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Anorak | On Gary Glitter And Paedos

On Gary Glitter And Paedos

by | 21st, August 2008

GARY Glitter. Let’s have a paedo amnesty. Hand in your paedo pics and videos and tell the cops where you got them. No action taken against you. How about it?

Carol Sarler writes in the Times:

With impeccably spun timing, while Gary Glitter hunkered down at Bangkok airport to avoid police interrogation at Heathrow, Jacqui Smith, the Home Secretary, took to the airwaves yesterday to announce new initiatives to prevent paedophiles from travelling as “sex tourists”. Snatch their passports, she cried. Ground them for five years. Nail their filthy feet to the floor.

Yeah, keep sexual deviants at home in the UK. Much better…

Her plans, no doubt, resonated with public opinion. In announcing them, however, she reinforced a largely unacknowledged muddle at the heart of all debate on the subject of paedophilia: is it an illness, or is it a crime?

Both. Would anyone want to be paedophile?

At the moment, galvanised by the desire to be as punitive as possible, we mix and match. When it suits us to invoke the idea of uncontrollable urges, we do exactly that – look how readily the tabloid press appends “sick!” to any mention of child abuse. On the other hand, when it suits us to argue for the throwing away of keys, as befits any rotten but otherwise common criminal, we do that instead. The truth is, it’s time to choose.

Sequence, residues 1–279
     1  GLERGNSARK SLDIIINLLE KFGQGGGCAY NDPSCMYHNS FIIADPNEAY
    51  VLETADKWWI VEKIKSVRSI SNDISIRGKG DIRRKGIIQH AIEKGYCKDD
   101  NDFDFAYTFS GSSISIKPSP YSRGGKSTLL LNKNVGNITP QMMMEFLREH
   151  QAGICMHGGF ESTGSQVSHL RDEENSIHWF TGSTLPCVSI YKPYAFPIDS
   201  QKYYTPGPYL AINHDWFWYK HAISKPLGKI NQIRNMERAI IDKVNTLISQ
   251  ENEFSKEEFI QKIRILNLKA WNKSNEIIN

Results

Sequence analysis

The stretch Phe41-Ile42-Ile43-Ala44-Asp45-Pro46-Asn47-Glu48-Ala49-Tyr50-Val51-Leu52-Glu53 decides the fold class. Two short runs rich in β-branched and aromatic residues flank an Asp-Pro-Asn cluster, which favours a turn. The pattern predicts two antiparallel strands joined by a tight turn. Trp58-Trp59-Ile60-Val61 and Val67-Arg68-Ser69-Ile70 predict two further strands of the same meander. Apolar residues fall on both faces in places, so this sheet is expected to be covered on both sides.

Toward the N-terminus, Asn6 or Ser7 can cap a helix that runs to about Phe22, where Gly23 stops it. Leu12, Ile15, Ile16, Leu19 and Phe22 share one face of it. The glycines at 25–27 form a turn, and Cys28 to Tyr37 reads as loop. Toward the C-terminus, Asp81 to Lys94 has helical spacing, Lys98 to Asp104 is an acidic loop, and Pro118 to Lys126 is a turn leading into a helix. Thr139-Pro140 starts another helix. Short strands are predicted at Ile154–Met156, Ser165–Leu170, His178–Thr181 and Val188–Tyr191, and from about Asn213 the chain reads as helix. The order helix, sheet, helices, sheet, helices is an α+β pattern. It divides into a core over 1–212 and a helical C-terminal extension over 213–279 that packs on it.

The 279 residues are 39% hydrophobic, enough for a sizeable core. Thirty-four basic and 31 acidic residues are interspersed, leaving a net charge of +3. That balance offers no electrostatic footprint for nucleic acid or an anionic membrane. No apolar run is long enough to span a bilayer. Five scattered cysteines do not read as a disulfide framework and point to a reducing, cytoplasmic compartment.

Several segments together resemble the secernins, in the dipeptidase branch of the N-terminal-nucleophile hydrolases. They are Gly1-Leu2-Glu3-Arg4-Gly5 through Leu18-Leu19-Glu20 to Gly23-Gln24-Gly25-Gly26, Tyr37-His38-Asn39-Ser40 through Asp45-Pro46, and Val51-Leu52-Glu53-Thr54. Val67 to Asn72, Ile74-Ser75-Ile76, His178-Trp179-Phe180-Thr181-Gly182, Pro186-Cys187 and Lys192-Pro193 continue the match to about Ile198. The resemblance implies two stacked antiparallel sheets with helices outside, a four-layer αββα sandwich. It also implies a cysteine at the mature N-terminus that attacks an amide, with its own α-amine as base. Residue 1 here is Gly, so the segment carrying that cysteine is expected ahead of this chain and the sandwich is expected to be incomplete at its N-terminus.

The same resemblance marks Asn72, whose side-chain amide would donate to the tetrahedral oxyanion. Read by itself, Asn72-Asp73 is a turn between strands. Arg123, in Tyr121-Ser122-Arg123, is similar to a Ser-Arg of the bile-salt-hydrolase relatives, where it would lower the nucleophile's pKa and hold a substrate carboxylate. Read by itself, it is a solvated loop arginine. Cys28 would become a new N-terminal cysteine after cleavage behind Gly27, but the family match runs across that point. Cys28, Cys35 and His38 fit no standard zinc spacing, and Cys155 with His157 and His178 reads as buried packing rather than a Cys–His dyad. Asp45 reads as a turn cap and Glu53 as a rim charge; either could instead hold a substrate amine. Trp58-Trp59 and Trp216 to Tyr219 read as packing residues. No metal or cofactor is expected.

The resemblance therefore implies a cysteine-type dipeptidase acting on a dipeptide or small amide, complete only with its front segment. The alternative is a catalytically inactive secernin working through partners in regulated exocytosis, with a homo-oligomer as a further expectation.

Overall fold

But there will be no choice. Peadophilia is a crime.

If we accept that paedophilia is an illness – and there are reasoned voices who say that it is – then, by definition, we accept it as being beyond the control of its sufferer in exactly the way that we accept schizophrenia. Therefore, we should respond as such: if a man, for reasons not remotely his fault, is posing a risk to others, he should be subject to sectioning under the Mental Health Act, with all the appropriate regret, sympathy and kindness that accompanies such a move. Given the grip of the current bogeyman frenzy, it is hard to see that one playing in Peoria; nevertheless, it would be the only humane response.

If we accept that it is a crime, however, then it is something which the perpetrator can control. He may choose to offend or not, and if he chooses what is unacceptable, again we should respond as such. We catch the bastard, try him, lock him up by way of penalty and then – this is the crucial bit – once he has served his sentence we restore his liberty. In full.

And that is the crux. Do the crime. Serve your time. And then..?

This has been the fundamental principle of justice, at least within crime and punishment, that has stood us in reasonable stead since Magna Carta. Now, just because one particular category of behaviour is exciting public consciousness – pressing, as it does, all the right buttons such as “sex” and “children” – is collective gut revulsion really enough to challenge copper-bottomed, tried, tested and trusted legal tradition?

There is so lityle meaningful debate on peadophilia, least of all in the tabloid press. What is the best way forward..



Posted: 21st, August 2008 | In: Broadsheets Comments (11) | TrackBack | Permalink